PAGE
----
Posts Tagged ‘New Castle PA’

James A. Addis – New Castle Nonagenarian

February 17, 2012

Note: This same photo of Mr. Addis ran in the newspaper several times with various articles.


James A. Addis enjoys the distinction of being the oldest Mason in Lawrence county and also of being the only man in New Castle who was engaged in business on Washington street an even 60 years ago.

Mr. Addis opened a confectionery and baking establishment in New Castle in April, 1847. His stand was located where the store of Jacob Cosel now stands.

He was the first man who ever packed and sold ice in New Castle and his methods were strikingly different from the ice monopoly-trust combination methods of the present day.

He was the first to open an ice cream parlor in this city and was the first to manufacture candy. His store was not as elaborate as those of the Greeks of the present day, but he didn’t lie awake endeavoring to defeat the purpose of the laws and withal he was better satisfied with his business than are the present day money seekers.

Mr. Addis remembers when Poland was the largest town across the state line and when Youngstown was proud of the number of people who stopped every day at the watering trough on what is now Federal street.

Mr. Addis is only three years short of being in the nonagenarian ranks, having been born in December of 1820.

New Castle News (New Castle, Pennsylvania) Jul 10, 1907

With two such hale and hearty 90-year-old youngsters as Joseph S. White and James A. Addis, New Castle would appear to be a health resort of no mean reputation.

New Castle News (New Castle, Pennsylvania) Dec 30, 1910


Oldest Mason in City Ends Busy Life Begun When Republic Was Young.
He Opened First Store of Kind in New Castle and Distinctly Remembers Visit of Marquis de La Fayette to Pittsburg in 1825.

James A. Addis, one of the city’s most venerable men, died at the family home, 5 Franklin avenue, very suddenly Monday evening. He was in his 91st year, and was one of the best known men in the city. He was also New Castle’s oldest merchant, as, although he had led a retired life for some years, there was not another man living who was in business in this city at the same time that Mr. Addis was a merchant.

His death was most unexpected. Despite his advanced age, Mr. Addis had been in good health until just the last few days, when he complained of feeling not so well as usual. Monday evening, about 6:30 o’clock, shortly after he had finished his evening meal, he was taken suddenly ill, and expired within a few minutes.

Born on what is now Second avenue, Pittsburg, December 23, 1820, Mr. Addis was able to tell many interesting tales of the early days of that city, and at the time of the sesqui-centennial celebration, he was interviewed by representatives of a number of Pittsburg newspapers, giving many items of interest, and telling of seeing Lafayette enter the city in 1825. When he was in a reminiscent mood, he often told of his boyhood, and retaining his faculties to the last, was a most pleasing conversationalist.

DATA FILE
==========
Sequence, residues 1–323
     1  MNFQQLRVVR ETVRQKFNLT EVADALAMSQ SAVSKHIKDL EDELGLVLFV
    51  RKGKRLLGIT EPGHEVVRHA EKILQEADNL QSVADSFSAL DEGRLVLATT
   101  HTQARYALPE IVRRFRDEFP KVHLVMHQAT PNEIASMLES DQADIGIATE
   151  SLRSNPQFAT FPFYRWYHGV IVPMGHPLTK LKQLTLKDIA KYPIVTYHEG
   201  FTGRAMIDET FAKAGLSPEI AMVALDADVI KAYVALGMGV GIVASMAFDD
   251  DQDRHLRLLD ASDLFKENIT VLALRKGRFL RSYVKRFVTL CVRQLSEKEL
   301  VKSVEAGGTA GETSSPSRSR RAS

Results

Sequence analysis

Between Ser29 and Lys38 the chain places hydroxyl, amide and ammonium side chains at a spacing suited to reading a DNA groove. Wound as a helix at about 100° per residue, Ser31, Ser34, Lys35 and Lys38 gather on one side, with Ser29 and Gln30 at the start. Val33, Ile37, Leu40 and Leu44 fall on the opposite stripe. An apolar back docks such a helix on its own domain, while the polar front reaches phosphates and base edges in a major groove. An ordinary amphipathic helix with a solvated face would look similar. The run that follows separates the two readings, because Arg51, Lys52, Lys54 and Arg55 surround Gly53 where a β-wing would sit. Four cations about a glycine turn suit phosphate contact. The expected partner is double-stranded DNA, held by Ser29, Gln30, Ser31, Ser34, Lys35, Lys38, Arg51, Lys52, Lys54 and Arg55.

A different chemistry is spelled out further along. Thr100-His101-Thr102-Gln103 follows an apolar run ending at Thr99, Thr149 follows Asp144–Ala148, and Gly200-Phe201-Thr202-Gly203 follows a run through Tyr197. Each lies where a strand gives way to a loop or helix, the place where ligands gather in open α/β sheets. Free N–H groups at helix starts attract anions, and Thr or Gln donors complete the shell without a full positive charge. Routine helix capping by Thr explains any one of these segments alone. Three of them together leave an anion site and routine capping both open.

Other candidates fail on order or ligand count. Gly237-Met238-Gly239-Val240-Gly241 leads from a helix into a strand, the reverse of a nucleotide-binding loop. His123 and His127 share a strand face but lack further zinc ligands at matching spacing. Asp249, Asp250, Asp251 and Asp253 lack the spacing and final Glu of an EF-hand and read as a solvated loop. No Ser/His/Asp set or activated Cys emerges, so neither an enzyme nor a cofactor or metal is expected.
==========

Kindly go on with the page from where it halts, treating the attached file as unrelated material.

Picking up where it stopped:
Mr. Addis was the son of Isaac Shea and Susanna Patterson Addis, and was the eldest of six children. His father moved to Pittsburg to take up his permanent residence in 1812, and resided there for many years. He had been born in Philadelphia, and first came to Pittsburg in 1809, returning to Philadelphia in 1811. He and Susanna Patterson were married in 1817. The Addis home was located on Second avenue about an eighth of a mile above Smithfield street.

James Addis’ first recollection of affairs in the early years of Pittsburg occurred when he witnessed the arrival of General Lafayette in that city in June, 1825. Mr. Addis saw the triumphal procession on Wood street, between Second and Third avenues, and stated that each feature of the event was idelibly impressed on his mind.

According to Mr. Addis there was but one iron plant, known as the Douglas mill, in active operation in Pittsburg about 1825. The locality of the plant was then called Pipetown, and was near what is now Second avenue.

Image from Wikipedia entry: Great Fire of Pittsburgh

An interesting tale of the great fire, which wiped out a portion of the business section of Pittsburg in 1846, was told by Mr. Addis. The burned territory embraced more than 50 acres and covered what is now the district bounded by Second, Ferry, Smithfiled and Diamond streets. The only building left standing in that entire territory was the one owned by George Weyman.

Mr. Addis did not retain an active impression of the government of the early days of Pittsburg, as he left the city shortly after he became of age. He remembered clearly when the famous canal was opened in 1829 between Johnstown and Pittsburg. It was an extension of the famous Juniata canal and greatly stimulated commerce in the Pittsburg district. It was in constant use until its absorption by the Pennsylvania railroad about 1855. An interesting story of a stage coach ride over the Alleghenies in 1850 as far east as Altoona was recalled. He took the stage at the old St. Charles hotel at 7 o’clock in the morning and was at Altoona at 8 the next morning, a distance of considerably more than 100 miles.

Mr. Addis was apprenticed to Robert Knox, a candymaker on Fourth street, when but a boy, and worked at that trade for some time. He attended night school in the old First ward building on the present site of the big Wabash depot. Here he obtained the rudiments of his education.